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Re: stop walking on the escalators

Postby Mokele » Mon Aug 04, 2014 5:16 pm UTC

So, you'll tolerate a delay due to not walking up yourself, but not tolerate a delay due to reduced throughput due to those in a rush?

If throughput is to be maximized and delays minimized, have everyone walk up, and let those who cannot (or don't want to) use the elevator that's invariably also present for specifically that purpose.
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Re: stop walking on the escalators

Postby Izawwlgood » Mon Aug 04, 2014 5:30 pm UTC

I don't understand your response. If you are too tired to walk up stairs (get in shape man), stand to the right. That way you don't slow down people who are in a hurry and walking on the escalator. People who, walking to the left, have absolutely zero impact on how smooth your travel is.

Mordae wrote:Also, in congested cities it's normal for drivers to utilize all lanes in order to gain higher throughput. Why don't pedestrians do the same?
You'll also notice in highway driving that the left tends to be the passing lane, while the right tends to be the 'driving with traffic' lane. When traffic is highly congested, this breaks down, but then, in a very crowded environment, no amount of organization like this is going to matter anyway.
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Re: stop walking on the escalators

Postby Mordae » Mon Aug 04, 2014 5:41 pm UTC

Mokele wrote:So, you'll tolerate a delay due to not walking up yourself, but not tolerate a delay due to reduced throughput due to those in a rush?

Yes. I would be very glad when I would be awarded the benefit of going up much faster with no extra effort exchanged for the impossibility to gain less than 1 minute gain in times of need. I cannot make the train, BUS or tram go faster anyway and I can cope with that. And aggregated, there is a lot of time saved for everyone.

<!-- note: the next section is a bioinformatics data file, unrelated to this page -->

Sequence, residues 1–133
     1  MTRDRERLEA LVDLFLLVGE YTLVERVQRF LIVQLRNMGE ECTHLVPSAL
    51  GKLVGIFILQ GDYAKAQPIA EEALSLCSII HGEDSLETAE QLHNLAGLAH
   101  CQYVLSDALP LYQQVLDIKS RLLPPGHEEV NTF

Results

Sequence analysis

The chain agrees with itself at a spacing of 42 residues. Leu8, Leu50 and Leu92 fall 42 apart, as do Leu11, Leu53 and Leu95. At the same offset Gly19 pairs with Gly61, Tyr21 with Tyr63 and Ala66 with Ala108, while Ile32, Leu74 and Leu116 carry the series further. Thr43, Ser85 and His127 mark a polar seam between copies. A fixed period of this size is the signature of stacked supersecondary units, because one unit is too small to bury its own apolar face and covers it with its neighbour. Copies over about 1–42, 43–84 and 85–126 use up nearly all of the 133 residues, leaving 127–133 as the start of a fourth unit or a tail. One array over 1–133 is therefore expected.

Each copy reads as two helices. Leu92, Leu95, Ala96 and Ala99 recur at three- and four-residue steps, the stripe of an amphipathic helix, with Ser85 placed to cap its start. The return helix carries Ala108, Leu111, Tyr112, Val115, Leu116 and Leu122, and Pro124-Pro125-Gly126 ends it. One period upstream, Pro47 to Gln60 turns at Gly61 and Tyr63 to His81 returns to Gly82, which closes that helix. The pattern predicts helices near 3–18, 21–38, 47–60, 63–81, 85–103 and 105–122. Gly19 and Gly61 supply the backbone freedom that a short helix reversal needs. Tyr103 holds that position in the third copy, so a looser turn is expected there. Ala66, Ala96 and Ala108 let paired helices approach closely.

Mokele wrote:If throughput is to be maximized and delays minimized, have everyone walk up, and let those who cannot (or don't want to) use the elevator that's invariably also present for specifically that purpose.

Peculiar. These are not present at every station and only rarely are appear on both ends. Also, the speedup will be much smaller than you expect since near the top the people would slow down significantly, pushing back at those at the bottom. Long stairs, steps not designed for walking, remember?

So, is the mass of polite, quiet standers supposed to accommodate for walkers' inability to maintain proper schedule?

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Re: stop walking on the escalators

Postby Whizbang » Mon Aug 04, 2014 5:44 pm UTC

But how do you accommodate people walking down the escalator?

Also, maybe it is just where I live, but I've never seen an escalator so congested that there wasn't ample room on it any any given time.

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Re: stop walking on the escalators

Postby Izawwlgood » Mon Aug 04, 2014 5:47 pm UTC

Here in Boston, the Porter train station has a SUPER long elevator. During peak hours, the station gets quite crowded. However, people never seem to clog the escalator.

In Chicago, O'hare has the moving walkway to connect some terminals, and again, even during peak travel times, it gets crowded, but people never seem to clog it.

I'm genuinely confused why the OP doesn't seem to understand 'stand to the right, walk to the left'.
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Re: stop walking on the escalators

Postby Mordae » Mon Aug 04, 2014 5:53 pm UTC

Izawwlgood wrote:I don't understand your response. If you are too tired to walk up stairs (get in shape man), stand to the right.

On days when one comes home so tired that he can't even walk up 100 high stairs without breaking a sweat, must he still suffer the unbearable queue at the bottom of the escalators, waiting almost a minute to get on? Just because some people have had an easier day? That's not smooth. That's not soothing feeling of getting near your bed. That's just agony.

(I can actually run up to the top pretty quickly and sprint down by 2 steps when riding in the evenings. Sometimes I even enjoy running in the opposite direction when no one is around and the stairs are reasonable short. But still!)

Izawwlgood wrote:
Mordae wrote:Also, in congested cities it's normal for drivers to utilize all lanes in order to gain higher throughput. Why don't pedestrians do the same?
You'll also notice in highway driving that the left tends to be the passing lane, while the right tends to be the 'driving with traffic' lane. When traffic is highly congested, this breaks down, but then, in a very crowded environment, no amount of organization like this is going to matter anyway.